See what CHHP’s Greg Whyte has been up to for Sport Relief with Davina.
“McCall is all for encouraging busy souls to fit in short bursts of exercise – her Fit In 15 DVD is currently flying off the shelves. But, spurred on by ‘saint’ trainer Prof Gregg Whyte OBE, who coaches all the Sports Relief challengers for free, she has been doing hard-core endurance training since November.”
We all know Davina McCall is super fit – you don’t keep glockenspiel abs like that by lounging on a beanbag eating pick’n’mix every day. But on February 7, she will take on an epic challenge – covering
500 miles from Edinburgh to London in seven days by biking, swimming and running for the BT Sport Relief Challenge.
Sport Relief has inspired some exceptional endeavours since it began in 2002 – Eddie Izzard’s 43 marathons in 51 days to name but one. McCall has already taken on a Land’s End to John O’Groats bike relay, and rowed from Calais to Dover. But this challenge – which will see her scaling England’s highest mountain, Scafell Pike, swimming across Lake Windermere and topping the whole shebang off with a marathon-length run into London – sounds almost superhuman.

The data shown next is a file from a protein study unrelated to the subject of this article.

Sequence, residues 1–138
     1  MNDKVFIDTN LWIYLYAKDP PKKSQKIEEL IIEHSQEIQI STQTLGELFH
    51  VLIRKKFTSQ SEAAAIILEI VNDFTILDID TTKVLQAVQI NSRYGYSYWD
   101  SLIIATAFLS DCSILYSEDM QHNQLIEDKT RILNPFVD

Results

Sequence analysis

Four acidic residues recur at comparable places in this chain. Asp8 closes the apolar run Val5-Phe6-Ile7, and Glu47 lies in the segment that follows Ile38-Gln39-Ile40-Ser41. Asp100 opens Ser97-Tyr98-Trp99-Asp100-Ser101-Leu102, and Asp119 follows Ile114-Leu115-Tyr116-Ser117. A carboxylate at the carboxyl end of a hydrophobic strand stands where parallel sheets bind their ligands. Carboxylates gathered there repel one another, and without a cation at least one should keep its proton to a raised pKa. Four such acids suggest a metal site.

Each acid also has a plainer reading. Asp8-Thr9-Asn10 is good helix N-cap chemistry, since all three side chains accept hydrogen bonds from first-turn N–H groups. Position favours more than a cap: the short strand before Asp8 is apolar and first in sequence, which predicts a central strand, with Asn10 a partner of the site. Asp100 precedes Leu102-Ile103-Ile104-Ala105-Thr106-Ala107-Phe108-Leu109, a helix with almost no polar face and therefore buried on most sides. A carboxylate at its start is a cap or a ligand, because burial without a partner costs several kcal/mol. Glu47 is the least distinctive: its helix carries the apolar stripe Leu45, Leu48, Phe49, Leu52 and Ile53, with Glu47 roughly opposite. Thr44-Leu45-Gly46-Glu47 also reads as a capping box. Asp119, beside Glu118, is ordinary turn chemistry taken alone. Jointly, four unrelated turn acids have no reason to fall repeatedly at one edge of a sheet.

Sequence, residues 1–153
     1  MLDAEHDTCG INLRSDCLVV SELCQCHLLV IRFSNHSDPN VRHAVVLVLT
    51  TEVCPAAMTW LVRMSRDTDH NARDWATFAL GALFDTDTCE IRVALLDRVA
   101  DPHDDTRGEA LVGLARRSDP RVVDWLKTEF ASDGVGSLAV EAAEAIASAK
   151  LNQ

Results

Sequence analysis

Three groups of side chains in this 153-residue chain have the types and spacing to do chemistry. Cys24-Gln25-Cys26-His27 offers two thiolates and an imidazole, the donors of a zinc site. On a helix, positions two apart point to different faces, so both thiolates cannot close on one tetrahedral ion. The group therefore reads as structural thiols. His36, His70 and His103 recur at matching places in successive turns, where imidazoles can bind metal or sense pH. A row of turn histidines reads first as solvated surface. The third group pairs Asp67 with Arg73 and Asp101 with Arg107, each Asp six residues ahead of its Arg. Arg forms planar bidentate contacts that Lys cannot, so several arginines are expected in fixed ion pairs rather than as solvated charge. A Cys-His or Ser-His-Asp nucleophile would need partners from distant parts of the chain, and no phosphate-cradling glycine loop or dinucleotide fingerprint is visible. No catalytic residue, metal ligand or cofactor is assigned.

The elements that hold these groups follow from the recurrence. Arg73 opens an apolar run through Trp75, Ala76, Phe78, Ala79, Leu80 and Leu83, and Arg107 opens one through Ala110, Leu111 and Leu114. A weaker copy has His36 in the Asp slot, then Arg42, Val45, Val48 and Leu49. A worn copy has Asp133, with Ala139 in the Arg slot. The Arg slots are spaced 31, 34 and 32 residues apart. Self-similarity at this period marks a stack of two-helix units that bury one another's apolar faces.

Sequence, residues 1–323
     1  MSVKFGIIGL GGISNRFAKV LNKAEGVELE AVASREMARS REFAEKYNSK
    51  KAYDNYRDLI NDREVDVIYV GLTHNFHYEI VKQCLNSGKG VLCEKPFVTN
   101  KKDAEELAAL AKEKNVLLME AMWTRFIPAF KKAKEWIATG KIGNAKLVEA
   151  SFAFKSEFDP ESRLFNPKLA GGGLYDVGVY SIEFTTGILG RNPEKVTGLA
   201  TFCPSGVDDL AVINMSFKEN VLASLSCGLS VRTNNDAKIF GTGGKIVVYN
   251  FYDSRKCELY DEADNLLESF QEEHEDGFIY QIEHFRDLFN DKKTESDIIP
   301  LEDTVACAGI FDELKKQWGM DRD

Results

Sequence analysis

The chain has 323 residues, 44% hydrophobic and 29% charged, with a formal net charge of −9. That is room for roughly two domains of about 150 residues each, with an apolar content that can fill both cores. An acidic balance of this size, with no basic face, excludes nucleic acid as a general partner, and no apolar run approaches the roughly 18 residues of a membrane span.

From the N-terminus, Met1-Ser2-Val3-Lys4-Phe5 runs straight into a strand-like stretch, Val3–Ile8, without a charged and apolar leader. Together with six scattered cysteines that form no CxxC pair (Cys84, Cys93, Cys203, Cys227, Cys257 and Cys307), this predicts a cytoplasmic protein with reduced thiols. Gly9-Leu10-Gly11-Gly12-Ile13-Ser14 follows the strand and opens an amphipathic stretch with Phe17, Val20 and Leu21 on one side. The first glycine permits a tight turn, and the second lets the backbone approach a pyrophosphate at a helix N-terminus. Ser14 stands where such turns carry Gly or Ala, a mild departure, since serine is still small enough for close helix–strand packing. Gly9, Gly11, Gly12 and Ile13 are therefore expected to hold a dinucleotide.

Nevertheless, when she got the call, there was never any question of saying no. ‘I have been working on Sport Relief since it was born, and Comic Relief for a very long time, and I would walk over hot coals for them,’ says a grinning McCall, wincing slightly as she eases herself into a chair after a 50-mile bike ride. ‘But there is fit – and then there is… this fit.’
McCall, who has essentially built a career on her chummy and bubbly persona, is just as friendly in real life. I suggest she might want a shower, a lie-down or some proper food before she deals with a bothersome journalist – but she insists she’s happy to chat straight away, wolfing down a sarnie as she speaks.
‘As a feminist, it bugs me,’ she says, ‘but kids and jobs and training are kind of a challenge, you know? And I constantly feel guilty about… sort of everything. Time with my children is precious, so to take huge chunks of time away from them is a hard commitment to make.
‘But they have been unbelievably supportive and they’re of the age now where I can sit them down and explain why I’m doing this. And my husband has been wonderful.’
Read the full article on metro.co.uk